Here’s something I came across whilst looking for a Java API into WinAmp. Why was I looking for a such a beast? Well mainly because I’m a Java weenie and can’t be bothered to dredge up the bits of C/C++ I know to write WinAmp plugins properly.
The plugin I’m thinking about would be used to extract some RDF data from WinAmp — the playlist, what I’m listening to, etc.
Anyway, this lead me to Mp3 GPS, a WinAmp plugin written in Java that communicates to a GPS device attached to the serial port of your computer. (See the installation page for a link to the Java API; it doesn’t seem to have an official separate home page)
The MP3 GPS plugin can be configured to select a playlist based on information such as the system time, the current speed, direction, latitude, longitude and altitude. Which is a cool idea.
Apart from the use cases the author mentions, there are some other interesting possibilities. Such as being able to have a playlist for a particular scenic location; something that might complement the mood perhaps. Currently at high altitude and moving very fast? No problem, WinAmp will start playing some soothing tunes to make your flight more enjoyable.
There are some interesting art works that could be constructed with something like this. It basically allows a musician or DJ to take the listeners environment into account when mixing a tune. They just need to provide the rules for selecting the right playlist.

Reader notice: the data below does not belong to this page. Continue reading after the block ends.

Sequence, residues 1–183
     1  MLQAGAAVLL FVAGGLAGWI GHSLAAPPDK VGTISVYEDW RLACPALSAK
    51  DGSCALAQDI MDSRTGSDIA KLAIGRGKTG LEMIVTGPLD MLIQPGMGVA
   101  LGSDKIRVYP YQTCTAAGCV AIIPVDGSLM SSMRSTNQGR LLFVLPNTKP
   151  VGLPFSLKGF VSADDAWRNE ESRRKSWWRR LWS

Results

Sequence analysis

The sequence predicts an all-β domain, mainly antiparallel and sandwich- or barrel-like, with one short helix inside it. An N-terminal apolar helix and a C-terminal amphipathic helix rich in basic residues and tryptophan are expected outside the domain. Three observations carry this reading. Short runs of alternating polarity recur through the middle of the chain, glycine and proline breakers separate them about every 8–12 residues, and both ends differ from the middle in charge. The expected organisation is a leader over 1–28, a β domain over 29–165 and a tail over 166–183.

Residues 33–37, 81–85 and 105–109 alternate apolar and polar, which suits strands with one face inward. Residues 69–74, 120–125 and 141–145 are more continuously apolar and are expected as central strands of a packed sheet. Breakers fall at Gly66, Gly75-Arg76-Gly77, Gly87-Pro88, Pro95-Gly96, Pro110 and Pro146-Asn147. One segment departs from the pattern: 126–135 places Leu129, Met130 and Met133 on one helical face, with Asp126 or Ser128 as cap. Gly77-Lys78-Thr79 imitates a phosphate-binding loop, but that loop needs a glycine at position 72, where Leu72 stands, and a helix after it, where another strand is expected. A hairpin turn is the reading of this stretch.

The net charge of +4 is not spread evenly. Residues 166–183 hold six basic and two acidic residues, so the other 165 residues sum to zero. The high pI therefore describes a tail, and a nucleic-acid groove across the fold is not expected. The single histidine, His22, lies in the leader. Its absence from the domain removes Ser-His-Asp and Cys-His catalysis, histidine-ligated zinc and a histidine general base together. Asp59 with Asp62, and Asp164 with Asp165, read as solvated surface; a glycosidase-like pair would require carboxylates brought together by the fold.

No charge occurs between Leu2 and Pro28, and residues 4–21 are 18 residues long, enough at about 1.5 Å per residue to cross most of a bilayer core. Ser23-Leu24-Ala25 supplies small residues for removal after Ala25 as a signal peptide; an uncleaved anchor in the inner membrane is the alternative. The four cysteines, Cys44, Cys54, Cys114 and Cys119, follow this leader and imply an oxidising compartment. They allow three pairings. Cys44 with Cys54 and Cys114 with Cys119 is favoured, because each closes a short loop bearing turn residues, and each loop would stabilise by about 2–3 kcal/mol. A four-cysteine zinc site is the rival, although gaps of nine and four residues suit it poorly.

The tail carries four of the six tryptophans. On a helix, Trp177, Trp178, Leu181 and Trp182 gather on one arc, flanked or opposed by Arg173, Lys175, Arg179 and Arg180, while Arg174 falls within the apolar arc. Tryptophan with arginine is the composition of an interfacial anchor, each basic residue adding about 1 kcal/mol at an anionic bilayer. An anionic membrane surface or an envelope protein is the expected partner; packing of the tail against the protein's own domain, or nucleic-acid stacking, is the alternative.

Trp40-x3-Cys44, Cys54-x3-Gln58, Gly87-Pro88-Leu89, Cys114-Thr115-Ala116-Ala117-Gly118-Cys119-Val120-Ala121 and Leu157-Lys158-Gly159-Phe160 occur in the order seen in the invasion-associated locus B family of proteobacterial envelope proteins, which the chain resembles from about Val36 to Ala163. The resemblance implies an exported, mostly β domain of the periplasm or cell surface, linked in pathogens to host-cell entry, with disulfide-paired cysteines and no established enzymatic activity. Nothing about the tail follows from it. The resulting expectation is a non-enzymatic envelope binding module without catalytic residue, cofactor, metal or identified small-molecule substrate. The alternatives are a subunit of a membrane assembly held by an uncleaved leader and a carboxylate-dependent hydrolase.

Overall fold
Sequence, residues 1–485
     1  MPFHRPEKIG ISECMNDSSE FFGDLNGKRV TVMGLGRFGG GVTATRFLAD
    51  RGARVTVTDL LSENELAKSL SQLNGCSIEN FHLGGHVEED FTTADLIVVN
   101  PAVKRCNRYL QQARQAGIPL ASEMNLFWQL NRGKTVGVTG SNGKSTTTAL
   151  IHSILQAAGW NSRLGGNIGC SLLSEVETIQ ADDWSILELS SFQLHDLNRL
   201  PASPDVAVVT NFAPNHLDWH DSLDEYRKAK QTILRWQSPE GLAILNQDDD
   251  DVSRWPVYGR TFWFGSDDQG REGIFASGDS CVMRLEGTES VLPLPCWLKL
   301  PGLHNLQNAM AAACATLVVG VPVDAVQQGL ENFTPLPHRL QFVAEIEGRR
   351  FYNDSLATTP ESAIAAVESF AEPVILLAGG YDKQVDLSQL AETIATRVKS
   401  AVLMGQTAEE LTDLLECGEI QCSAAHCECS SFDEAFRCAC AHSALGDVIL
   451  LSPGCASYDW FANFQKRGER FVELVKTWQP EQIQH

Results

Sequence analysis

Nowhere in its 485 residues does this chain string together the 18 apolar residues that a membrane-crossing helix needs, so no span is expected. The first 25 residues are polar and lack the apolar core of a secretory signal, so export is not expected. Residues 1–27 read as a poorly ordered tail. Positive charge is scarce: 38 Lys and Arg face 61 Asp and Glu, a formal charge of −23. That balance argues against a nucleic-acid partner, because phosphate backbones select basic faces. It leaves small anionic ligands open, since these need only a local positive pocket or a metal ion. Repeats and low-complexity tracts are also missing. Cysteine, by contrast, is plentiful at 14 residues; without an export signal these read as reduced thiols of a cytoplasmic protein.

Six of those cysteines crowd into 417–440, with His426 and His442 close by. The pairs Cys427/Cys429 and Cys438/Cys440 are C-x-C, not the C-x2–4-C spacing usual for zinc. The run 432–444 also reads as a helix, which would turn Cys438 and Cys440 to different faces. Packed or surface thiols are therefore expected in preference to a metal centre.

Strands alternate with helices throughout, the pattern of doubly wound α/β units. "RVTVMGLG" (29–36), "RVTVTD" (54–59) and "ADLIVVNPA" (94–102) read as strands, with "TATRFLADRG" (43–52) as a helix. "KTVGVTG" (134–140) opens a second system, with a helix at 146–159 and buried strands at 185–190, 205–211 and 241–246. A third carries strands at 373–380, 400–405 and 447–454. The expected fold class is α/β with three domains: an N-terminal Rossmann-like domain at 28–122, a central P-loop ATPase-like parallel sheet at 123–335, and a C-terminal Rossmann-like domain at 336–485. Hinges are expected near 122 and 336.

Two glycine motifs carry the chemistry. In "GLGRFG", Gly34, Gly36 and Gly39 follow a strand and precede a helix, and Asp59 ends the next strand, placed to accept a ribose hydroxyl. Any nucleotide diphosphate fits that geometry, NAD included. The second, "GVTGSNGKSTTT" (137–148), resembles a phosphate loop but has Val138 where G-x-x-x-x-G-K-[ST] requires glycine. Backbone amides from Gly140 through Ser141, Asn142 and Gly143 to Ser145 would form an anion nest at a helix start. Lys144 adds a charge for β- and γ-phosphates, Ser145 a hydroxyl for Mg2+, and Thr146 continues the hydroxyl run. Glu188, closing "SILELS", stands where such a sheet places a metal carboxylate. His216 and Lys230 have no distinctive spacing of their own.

This is also related to Linked which I saw chumped earlier this week.
It would be useful to extract the rules into something more generic, similarly the playlists. That way MP3 and GPS enabled phones could make use of the data. There are already some geo vocabularies for RDF, so there’s probably work to build on already.
It’s just a shame I don’t have any GPS peripherals!

One thought on “MP3 GPS

  1. What would be really interesting, is *generating* the playlists automagically: “Other users were listening to these tracks, when at this altitude and location, going at this speed, in this weather, at this time of day: …”.
    That way you don’t have to make up any complicated rules, only some (partial) matching algorithms.

Comments are closed.